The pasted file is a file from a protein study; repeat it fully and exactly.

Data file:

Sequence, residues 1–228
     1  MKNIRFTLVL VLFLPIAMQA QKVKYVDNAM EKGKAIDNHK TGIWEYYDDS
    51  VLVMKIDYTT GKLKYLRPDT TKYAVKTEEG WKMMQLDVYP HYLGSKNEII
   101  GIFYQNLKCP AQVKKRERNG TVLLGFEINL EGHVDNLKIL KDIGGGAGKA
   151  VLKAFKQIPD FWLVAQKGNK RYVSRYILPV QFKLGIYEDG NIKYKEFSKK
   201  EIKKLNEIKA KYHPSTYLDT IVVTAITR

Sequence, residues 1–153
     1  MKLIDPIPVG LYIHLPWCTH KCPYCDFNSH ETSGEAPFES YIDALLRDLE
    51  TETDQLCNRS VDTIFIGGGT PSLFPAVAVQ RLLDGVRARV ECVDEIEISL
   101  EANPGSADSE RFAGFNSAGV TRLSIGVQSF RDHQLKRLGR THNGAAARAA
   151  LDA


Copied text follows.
Sequence, residues 1–228
     1  MKNIRFTLVL VLFLPIAMQA QKVKYVDNAM EKGKAIDNHK TGIWEYYDDS
    51  VLVMKIDYTT GKLKYLRPDT TKYAVKTEEG WKMMQLDVYP HYLGSKNEII
   101  GIFYQNLKCP AQVKKRERNG TVLLGFEINL EGHVDNLKIL KDIGGGAGKA
   151  VLKAFKQIPD FWLVAQKGNK RYVSRYILPV QFKLGIYEDG NIKYKEFSKK
   201  EIKKLNEIKA KYHPSTYLDT IVVTAITR

Sequence, residues 1–153
     1  MKLIDPIPVG LYIHLPWCTH KCPYCDFNSH ETSGEAPFES YIDALLRDLE
    51  TETDQLCNRS VDTIFIGGGT PSLFPAVAVQ RLLDGVRARV ECVDEIEISL
   101  EANPGSADSE RFAGFNSAGV TRLSIGVQSF RDHQLKRLGR THNGAAARAA
   151  LDA